Black LGBT community builds their own houses of worship

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Kevin E. Taylor found a passion for church almost as early as he discovered an attraction to boys. Baptized at 10-years-old at a small Baptist Church in the Southwest section of Washington D.C., he fondly remembers the congregation’s blind, piano-playing pastor, who preached about God’s love with the fervor of Rev. Martin Luther King Jr. He said it never crossed his young mind that his sexual orientation and his Christian faith would one day come into conflict.

But when Taylor turned 17, his beloved pastor died, and a new reverend—with a new message—took the pulpit. “It was the first time I heard God and hate in the same sentence,” Taylor said about the new pastor’s fiery rants. “I could not wrap my young mind around why the same God who created and loved everybody now hated so many people.”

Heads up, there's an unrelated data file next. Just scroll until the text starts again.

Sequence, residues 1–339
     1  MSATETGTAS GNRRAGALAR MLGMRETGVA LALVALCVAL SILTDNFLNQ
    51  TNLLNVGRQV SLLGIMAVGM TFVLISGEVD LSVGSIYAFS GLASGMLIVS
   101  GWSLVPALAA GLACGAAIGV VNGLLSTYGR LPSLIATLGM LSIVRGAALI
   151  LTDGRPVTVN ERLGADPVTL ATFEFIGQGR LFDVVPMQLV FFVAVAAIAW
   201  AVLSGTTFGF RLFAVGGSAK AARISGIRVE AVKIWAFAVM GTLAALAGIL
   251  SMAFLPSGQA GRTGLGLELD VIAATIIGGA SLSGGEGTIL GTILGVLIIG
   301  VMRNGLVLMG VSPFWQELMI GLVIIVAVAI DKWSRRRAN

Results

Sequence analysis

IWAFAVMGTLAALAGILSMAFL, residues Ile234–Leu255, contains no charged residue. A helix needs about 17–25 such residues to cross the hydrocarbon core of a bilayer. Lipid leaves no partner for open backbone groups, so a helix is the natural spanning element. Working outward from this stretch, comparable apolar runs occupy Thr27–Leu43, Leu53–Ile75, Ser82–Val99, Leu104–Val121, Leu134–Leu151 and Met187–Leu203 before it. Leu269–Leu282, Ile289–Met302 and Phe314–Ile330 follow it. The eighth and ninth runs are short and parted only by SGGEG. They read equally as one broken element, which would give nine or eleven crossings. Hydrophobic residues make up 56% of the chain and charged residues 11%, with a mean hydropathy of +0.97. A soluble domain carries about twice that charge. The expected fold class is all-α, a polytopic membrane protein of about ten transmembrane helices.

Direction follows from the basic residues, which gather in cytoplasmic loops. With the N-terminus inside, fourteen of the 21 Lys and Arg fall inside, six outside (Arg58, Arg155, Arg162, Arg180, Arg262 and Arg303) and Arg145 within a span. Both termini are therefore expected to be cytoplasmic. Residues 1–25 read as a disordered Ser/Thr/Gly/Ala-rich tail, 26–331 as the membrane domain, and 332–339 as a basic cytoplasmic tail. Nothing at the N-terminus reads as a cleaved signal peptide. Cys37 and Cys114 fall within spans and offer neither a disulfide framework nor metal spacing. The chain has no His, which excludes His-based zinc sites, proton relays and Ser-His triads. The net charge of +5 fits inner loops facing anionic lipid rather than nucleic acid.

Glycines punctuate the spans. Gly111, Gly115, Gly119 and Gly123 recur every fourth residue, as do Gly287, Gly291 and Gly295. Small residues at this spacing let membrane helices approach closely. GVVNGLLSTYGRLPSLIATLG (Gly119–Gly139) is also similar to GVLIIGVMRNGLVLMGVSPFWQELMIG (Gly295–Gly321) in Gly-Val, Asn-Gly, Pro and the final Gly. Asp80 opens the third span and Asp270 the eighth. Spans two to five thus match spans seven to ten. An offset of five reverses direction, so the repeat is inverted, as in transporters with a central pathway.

Taylor stuck it out until the situation finally came to a head. “One Sunday, he turned the rifle on me — on gay people,” he said. “I remember when he started up, I looked at my mother. She turned to me and knowingly said, ‘Bye, baby.’ And I walked out of the church.”

Taylor would eventually return — but this time as a pastor at his own congregation, where he teaches a radically different message about sexuality. He represents a growing number of black LGBT Christians who, turned off by the anti-gay messages of conservative pastors like Bishop Eddie Long, have walked out of mainstream black churches and into the pews of progressive black congregations that accept them as they are.